Awareness, belonging, connection: the ABCs of mental health

Anglicare provides children, young people and adults with the building blocks they need for strong mental health.

Mental Health Week will be held around Tasmanian between 8-16 October, with the theme Awareness, Belonging, Connection. Anglicare’s Regional Manager for housing and community services in the North/North West Jodie Stokes explains how we all can play a role in supporting people to improve their mental health.

“One in five Australians experience mental ill health each year and we know from the most recent census that a higher proportion of Tasmanians live with a long term mental health condition compared to the rest of the country. So I’m sure that all of us know someone who has challenges with their mental health,” said Jodie.

Jodie explained the ABCs of mental health:

AWARENESS is the first step. We need to talk about mental health, take away the stigma associated with it and help people to understand the signs that they need some support. We need to listen closely, without judgement.

BELONGING is looking out for each other and making sure that everyone feels safe and supported. It’s about letting people know that they are not alone.

CONNECTION is encouraging our friends and family members to stay active in their local communities. This will develop their resilience and keep them happy and healthy.”

 

Meet John and Hannah

Here are two stories featuring real Tasmanians who have used Anglicare’s mental health programs. We’ve changed some details to protect their identity.

On the road to recovery

John was referred to Anglicare’s Recovery program in December last year by an alcohol and drug service. Diagnosed with several mental illnesses and difficulties in managing anger, he had a history of childhood trauma and homelessness.

John’s worker assisted him to apply for NDIS funding and linked him in with Housing Connect. John identified some goals he wanted to achieve and the pathways to achieve them. John was supported to feel safe, to communicate and manage his emotions in stressful situations.

Today, John has NDIS funding and lives in a community housing property. He visits his GP regularly, takes his medications and accesses community mental health services. John’s physical health has improved and he rides a bike for exercise. He is also on the path to learning to drive.

Hannah focuses on her strengths

Hannah finds NDIS counselling with an Anglicare social worker has helped her improve her communication skills and focus on her strengths.

The sessions give her the opportunity to talk about her traumas and her family relationships, and to interact more constructively with other services, medical professionals and people out in the community. They have supported her to reduce her reliance on alcohol and know how to manage anxiety attacks in public.

Hannah has set herself the goal of going on holiday, and is working with her counsellor to reduce the anxiety associated with flying.

 

Mental Health Week activities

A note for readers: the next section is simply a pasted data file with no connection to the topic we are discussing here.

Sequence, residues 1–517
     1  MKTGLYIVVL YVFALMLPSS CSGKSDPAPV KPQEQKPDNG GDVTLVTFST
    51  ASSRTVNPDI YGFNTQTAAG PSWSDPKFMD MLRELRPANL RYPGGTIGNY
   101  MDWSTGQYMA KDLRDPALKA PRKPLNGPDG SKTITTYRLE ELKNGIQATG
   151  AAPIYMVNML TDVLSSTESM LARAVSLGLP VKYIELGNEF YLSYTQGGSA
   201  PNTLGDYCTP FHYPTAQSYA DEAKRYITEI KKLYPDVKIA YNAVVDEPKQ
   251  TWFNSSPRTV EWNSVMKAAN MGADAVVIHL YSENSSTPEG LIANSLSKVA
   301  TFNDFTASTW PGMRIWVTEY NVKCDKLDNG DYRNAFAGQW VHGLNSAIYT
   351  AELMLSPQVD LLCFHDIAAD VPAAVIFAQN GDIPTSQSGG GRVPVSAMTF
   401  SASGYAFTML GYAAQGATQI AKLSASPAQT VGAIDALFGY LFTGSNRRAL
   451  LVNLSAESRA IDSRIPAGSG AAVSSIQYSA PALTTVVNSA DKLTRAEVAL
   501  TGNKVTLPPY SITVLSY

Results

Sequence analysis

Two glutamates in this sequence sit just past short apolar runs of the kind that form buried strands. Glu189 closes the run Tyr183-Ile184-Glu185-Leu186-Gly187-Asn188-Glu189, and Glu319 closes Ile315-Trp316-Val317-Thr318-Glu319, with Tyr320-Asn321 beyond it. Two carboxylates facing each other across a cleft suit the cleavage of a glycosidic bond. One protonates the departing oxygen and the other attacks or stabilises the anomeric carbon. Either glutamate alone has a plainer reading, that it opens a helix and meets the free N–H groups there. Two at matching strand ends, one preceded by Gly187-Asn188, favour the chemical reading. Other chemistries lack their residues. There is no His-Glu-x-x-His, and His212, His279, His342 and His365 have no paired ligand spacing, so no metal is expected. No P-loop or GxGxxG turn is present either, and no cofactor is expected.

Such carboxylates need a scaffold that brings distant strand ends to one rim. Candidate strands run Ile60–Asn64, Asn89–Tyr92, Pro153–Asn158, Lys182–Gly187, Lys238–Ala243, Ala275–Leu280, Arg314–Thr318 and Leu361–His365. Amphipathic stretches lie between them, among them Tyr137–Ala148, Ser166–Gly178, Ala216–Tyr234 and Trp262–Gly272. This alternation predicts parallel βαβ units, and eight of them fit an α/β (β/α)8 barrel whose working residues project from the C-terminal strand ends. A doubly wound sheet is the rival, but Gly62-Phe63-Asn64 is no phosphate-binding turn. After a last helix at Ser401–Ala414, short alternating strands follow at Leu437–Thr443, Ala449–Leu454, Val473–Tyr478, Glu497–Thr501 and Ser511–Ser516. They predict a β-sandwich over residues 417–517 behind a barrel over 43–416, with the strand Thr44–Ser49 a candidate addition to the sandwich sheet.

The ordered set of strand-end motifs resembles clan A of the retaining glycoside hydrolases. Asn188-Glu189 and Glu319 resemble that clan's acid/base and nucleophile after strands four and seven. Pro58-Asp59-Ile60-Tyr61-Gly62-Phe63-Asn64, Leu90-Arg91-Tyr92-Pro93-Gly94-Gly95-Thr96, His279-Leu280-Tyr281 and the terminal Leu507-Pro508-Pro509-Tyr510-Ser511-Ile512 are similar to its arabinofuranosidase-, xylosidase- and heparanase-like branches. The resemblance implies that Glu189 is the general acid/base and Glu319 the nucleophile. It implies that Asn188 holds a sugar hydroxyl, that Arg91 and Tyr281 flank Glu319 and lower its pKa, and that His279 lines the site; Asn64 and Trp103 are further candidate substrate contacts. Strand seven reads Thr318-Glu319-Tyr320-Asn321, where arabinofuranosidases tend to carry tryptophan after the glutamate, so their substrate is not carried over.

Mental Health Week is run by the Mental Health Council of Tasmania. There are a wide variety of events and activities on offer, right around the State. Click here for the program.

Join us in Launceston

Anglicare’s Launceston team is partnering with headspace and Head to Health on a free community day in Launceston on Saturday 15 October. There will be a fun run, entertainment and resources focusing on improving your mental health. All the details are here on eventbrite, or keep an eye on our Facebook page.

Join us in Burnie

Head to Bunnings in South Burnie for a free family event between 10 am and 2 pm on Saturday 15 October. Co-hosted with Bunnings and supported by the Mental Health Council of Tasmania, we’ve called our event “Building the ABCs of Mental Health”. There will be lots of activities on offer and a sausage sizzle operated by the Burnie Veterans Club.

 

What mental health programs does Anglicare offer?

Anglicare operates a range of mental health programs funded by the Tasmanian Government. Our programs are free, confidential and tailored to individual needs. They are delivered by professionally trained experts in line with the Anglicare values of Hope, Respect, Compassion and Justice.

Children who are vulnerable to developing mental health challenges are supported in the Burnie area, on King Island and in the South by the Child and Youth Mental Health Service.

Adults can spend time living in a supported, non-clinical environment with wrap-around support at the Rocherlea Rehabilitation and Recovery Service, outside Launceston.

Children who have a parent or carer experiencing mental health challenges are given ‘time out’ and support through the Taz Kids program.

The Recovery Program supports people who have a diagnosed mental health condition and live independently. It provides therapeutic, one-to-one support.

Our social workers provide counselling and social work support under the National Disability Insurance Scheme (NDIS).

Anglicare’s Alcohol and other Drugs Treatment Service (ADATs) supports people who have been diagnosed with a mental illness and also have challenges with alcohol and other drugs.

Anglicare also provides support after a suicide attempt through the Way Back Support Service.

 

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